They let him sleep and left him alone. He was allowed to return to the crew spaces but was removed from all duties. When the ship returned to dock, he left, and I never heard from him again.

The demons fed, but their hunger never abated. Instead, the demons refocused it on new prey. The difference was, their latest target never broke. It drove them mad because they never got their fill. In some ways, however, I wonder if breaking would have been a better option.

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In Closing

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Image by Gerd Altmann from Pixabay

This is a story from a different time in my life.

One event led to another and with different expectations. I never expected the chiefs' anger to be redirected at me, but I know now I should expect it to some degree from anyone. No one likes being told what to do, especially when those people are of a higher authority. I wish my friend good health and hope he and his family are well.

Thank you for reading and following on throughout my Hive journey.

Special thanks to @ashleykalila for the POB dividers.

If you like this article, please consider upvoting and subscribing to @scholaris!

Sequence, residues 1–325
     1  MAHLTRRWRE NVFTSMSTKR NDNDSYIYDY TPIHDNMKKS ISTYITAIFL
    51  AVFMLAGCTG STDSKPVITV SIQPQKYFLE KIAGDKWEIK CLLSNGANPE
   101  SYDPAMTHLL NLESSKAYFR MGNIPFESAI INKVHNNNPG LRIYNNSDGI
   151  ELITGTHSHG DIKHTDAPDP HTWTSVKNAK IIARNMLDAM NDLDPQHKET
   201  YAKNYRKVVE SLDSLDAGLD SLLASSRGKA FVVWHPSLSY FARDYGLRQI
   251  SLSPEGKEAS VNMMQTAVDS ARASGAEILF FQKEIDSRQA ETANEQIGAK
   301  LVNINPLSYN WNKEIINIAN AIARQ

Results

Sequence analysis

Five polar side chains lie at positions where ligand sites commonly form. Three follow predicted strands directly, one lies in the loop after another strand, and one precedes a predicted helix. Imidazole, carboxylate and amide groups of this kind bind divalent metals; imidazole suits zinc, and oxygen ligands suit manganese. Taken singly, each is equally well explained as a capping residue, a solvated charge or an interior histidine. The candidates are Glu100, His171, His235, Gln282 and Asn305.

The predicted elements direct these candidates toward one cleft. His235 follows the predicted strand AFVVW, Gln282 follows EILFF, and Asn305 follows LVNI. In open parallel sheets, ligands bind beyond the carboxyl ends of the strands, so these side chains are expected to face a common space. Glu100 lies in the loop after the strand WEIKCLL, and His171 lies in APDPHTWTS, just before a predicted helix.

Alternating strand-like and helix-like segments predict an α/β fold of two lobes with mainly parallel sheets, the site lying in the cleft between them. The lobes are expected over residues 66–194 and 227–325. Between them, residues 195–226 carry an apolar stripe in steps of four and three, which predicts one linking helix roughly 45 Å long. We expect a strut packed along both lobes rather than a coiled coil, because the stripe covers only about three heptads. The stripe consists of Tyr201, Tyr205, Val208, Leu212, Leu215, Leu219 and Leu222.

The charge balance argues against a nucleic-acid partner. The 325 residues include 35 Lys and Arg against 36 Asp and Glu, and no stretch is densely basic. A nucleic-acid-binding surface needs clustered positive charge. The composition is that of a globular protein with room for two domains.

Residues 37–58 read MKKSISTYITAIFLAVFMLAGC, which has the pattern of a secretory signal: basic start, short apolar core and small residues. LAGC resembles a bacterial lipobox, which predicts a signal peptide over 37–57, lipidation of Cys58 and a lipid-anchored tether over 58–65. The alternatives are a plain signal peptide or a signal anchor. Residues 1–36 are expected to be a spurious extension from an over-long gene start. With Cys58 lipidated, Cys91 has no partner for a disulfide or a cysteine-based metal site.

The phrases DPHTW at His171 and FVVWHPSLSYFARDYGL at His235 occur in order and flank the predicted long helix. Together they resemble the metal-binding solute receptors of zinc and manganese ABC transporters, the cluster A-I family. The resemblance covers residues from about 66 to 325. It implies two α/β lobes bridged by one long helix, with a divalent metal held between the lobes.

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What a great story. I'd imagine your tales from your experiences in the forces are endless! I have nothing but admiration and awe to anyone who has served on a sub, I could never do it. I'm not one for being stuck anywhere for very long.
Hmm, I said admiration and awe but it could also be that you're a sandwich short of a picnic!

Your colleague also deserves huge praise for having the strength to stand up and decide he needed to get out. In such a discliplined military environment, many would have said and done nothing and that silence really trashes sanity and mental health.

Best wishes to you and yours fella :-)

I would lean more towards sandwhich. I never knew when to quit. I still don't actually.

I will grant this to the military. They have a great PR campaign. They also have a ridiculously high attrition rate because of the bullshit they peddle to get people in. Even with a year left, hell, or a couple of weeks left before leaving the military people will do anything to get out.


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Nice that was great man. You should write more often. We all have so many tales to tell.

Power corrupts. Maybe more when you are isolated from the free world, in the middle of sea, at the mercy of a few.